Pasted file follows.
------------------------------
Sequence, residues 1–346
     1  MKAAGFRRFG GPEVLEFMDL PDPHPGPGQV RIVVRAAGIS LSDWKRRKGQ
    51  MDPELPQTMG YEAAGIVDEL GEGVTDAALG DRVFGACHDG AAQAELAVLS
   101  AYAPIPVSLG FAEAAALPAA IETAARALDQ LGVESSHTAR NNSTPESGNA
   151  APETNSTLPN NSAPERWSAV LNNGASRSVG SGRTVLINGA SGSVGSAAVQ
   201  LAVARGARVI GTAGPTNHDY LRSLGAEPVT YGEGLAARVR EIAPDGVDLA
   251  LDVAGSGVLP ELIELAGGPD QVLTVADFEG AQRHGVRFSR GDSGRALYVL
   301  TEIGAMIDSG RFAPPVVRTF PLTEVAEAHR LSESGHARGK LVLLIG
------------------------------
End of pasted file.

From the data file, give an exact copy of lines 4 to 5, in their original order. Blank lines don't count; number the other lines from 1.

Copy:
   101  AYAPIPVSLG FAEAAALPAA IETAARALDQ LGVESSHTAR NNSTPESGNA
   151  APETNSTLPN NSAPERWSAV LNNGASRSVG SGRTVLINGA SGSVGSAAVQ